April 5, 2016 | Washington, DC
“Behind every distracted driving death is a story of loss. In the blink of an eye, lives can be transformed forever,” said U.S. Transportation Secretary Anthony Foxx. “Scrolling through song lists on a cell phone, or texting while driving is not just irresponsible, it can have tragic consequences. We’re calling on drivers to put down their devices and help keep the roadways safe for all Americans.”
Federal, state, and local law enforcement will be out raising awareness about the dangers of distracted driving to change behavior and save lives. The month kicks off with a national advertising campaign and law enforcement crackdown called U Drive. U Text. U Pay. that runs from April 8 to April 13. The campaign is aimed at combating distracted driving nationwide and the effort includes television, radio, and digital advertisements. Drivers caught texting or using their mobile devices when behind the wheel will be issued citations in states with distracted driving bans.
“Lives are at stake on our highways. NHTSA wants to drive behavior change, stop bad habits, and encourage safe driving,” said NHTSA Administrator, Dr. Mark Rosekind. “People need to understand the potential price of distracted driving. The cost of a ticket is nothing, compared to the irrevocable cost of taking someone’s life.”
To support these efforts, OTS will also conduct a social media campaign urging drivers to Silence the Distraction. According to data from the CHP’s Statewide Integrated Traffic Records System, 22,306 people were involved in distracted driving collisions in 2013. The number of distracted driving victims in California increased slightly in 2014 to 22,652.
“As we rely on our cell phones more and more in our everyday lives, we seem to be kidding ourselves in thinking that they don’t affect our driving,” said OTS Director Rhonda Craft. “Crashes are up. The scientific evidence is solid. The dangers are real, and they apply to all of us. We need to silence the distractions.”
A 2014 study by the American Automobile Association Foundation, based on actual behavior rather than law enforcement reports, found that distraction due to cell phone use is much more prevalent than is reflected in official government statistics. “Our investigators can determine if speed, alcohol, or drugs were a factor in a collision,” CHP Commissioner Joe Farrow said.
“However, it is difficult to determine when distracted driving is the cause. Most people do not declare that they were distracted before they crashed. Therefore, we know distracted driving statistics are underreported.”
“Distracted driving is a completely preventable cause of death or injury on our roadways. We believe education can be as important as enforcement in addressing this problem, which is why we are pleased to have our traffic safety partners and other law enforcement agencies working with us,” Commissioner Farrow added.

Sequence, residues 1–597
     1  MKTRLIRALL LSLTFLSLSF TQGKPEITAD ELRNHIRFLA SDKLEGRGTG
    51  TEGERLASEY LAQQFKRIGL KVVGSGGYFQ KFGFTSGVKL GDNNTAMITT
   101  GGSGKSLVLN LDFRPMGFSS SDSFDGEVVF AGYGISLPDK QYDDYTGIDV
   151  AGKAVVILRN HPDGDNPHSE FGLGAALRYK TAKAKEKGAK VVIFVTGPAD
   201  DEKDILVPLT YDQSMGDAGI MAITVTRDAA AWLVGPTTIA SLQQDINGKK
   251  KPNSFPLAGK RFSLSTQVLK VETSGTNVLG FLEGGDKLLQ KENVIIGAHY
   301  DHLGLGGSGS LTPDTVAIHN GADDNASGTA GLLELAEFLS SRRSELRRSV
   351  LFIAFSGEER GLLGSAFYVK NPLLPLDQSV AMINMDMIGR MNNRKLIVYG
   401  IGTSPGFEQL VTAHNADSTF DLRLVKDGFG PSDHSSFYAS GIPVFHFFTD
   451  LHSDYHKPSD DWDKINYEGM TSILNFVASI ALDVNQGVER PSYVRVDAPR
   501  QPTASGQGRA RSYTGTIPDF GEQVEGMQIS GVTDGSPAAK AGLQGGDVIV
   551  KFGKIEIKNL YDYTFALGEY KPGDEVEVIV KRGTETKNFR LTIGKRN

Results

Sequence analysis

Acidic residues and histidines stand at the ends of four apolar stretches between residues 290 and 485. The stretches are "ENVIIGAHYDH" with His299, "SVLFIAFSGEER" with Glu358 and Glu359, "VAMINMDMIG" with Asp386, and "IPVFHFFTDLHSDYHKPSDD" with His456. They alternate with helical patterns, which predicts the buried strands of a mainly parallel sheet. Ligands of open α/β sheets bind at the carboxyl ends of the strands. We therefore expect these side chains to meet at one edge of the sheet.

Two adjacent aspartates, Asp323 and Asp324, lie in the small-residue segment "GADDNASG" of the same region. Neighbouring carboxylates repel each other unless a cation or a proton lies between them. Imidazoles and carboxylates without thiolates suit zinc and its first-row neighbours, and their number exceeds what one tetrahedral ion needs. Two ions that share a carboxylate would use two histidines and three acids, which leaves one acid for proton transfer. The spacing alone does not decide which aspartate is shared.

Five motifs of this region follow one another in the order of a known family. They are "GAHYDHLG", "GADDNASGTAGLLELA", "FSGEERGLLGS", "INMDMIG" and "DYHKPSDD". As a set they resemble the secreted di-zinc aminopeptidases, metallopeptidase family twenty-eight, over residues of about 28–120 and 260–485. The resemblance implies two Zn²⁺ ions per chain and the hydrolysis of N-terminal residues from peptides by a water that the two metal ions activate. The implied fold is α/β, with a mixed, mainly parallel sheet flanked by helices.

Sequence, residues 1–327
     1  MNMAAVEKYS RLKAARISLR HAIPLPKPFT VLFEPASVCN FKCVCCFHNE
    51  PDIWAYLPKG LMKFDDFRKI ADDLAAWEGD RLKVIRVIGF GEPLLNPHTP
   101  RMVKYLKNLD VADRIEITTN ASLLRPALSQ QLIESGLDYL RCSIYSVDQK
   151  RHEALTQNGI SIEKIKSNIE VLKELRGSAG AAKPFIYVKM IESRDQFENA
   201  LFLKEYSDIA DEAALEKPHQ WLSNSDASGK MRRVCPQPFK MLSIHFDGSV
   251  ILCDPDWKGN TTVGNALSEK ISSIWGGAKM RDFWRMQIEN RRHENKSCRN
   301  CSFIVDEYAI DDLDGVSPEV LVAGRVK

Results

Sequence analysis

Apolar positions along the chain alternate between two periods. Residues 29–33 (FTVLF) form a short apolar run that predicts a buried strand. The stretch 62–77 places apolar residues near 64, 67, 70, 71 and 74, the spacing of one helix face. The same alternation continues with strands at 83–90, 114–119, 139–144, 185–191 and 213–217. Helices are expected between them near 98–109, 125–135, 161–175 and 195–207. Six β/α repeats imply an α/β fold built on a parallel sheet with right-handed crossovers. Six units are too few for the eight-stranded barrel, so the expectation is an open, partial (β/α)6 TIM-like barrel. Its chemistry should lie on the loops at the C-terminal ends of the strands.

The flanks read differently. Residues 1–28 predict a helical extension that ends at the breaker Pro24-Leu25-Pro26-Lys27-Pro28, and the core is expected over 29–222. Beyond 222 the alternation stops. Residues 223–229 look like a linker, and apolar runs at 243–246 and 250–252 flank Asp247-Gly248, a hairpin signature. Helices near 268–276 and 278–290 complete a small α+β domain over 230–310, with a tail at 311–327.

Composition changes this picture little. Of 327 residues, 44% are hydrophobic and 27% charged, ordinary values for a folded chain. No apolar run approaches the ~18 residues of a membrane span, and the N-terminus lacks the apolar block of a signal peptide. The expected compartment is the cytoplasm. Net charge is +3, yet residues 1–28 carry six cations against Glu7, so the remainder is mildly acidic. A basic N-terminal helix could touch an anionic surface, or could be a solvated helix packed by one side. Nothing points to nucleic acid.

California Teen Safe Driver Week, April 4-10, will focus especially on the education of teen drivers. Nationally, in 2014, 13 percent of all distracted drivers involved in collisions were teenagers (age 15-19), the U.S. DOT reports.
“Driving a car is one of the riskiest activities any of us undertake on a daily basis and it is especially dangerous for our most novice drivers – teens,” Kelly Browning, Ph.D., Executive Director of ITD, said. “For the first time in over 50 years, traffic deaths have increased eight percent despite decades of vehicle design improvements and traffic safety advancements. Simply put, we need to change our behavior behind the wheel. We need to keep both hands on the wheel, both eyes on the road, and our minds on driving. Focus on the road ahead to get to where you’re going safely – we all have loved ones counting on us.”
The problem of distracted driving is not limited to teenagers. The DOT notes at any given moment in 2014, during daylight hours, more than 587,000 vehicles were being driven by someone using a hand-held cell phone.
“Today I’m calling on adults to turn off their devices when they drive,” said NTSB Chairman Hart. “Once again, teens will follow our example. I’m calling on teens to turn off their devices as well, and lead by reminding their peers to do the same.”
Every CHP Division in the state and many local law enforcement agencies have planned educational efforts throughout the month to spread information about the problem of distracted driving. April 7 and 20 will be “zero tolerance days,” when all agencies will be especially vigilant for distracted drivers. Although the purpose of the campaign is not to write as many citations as possible, sometimes citations are necessary for drivers to understand the importance of focusing on their driving.
- View NHTSA Research Note: Distracted Driving 2014
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We need to keep both hands on the wheel, both eyes on the road, and our minds on driving. Focus on the road ahead to get to where you’re going safely – we all have loved ones counting on us.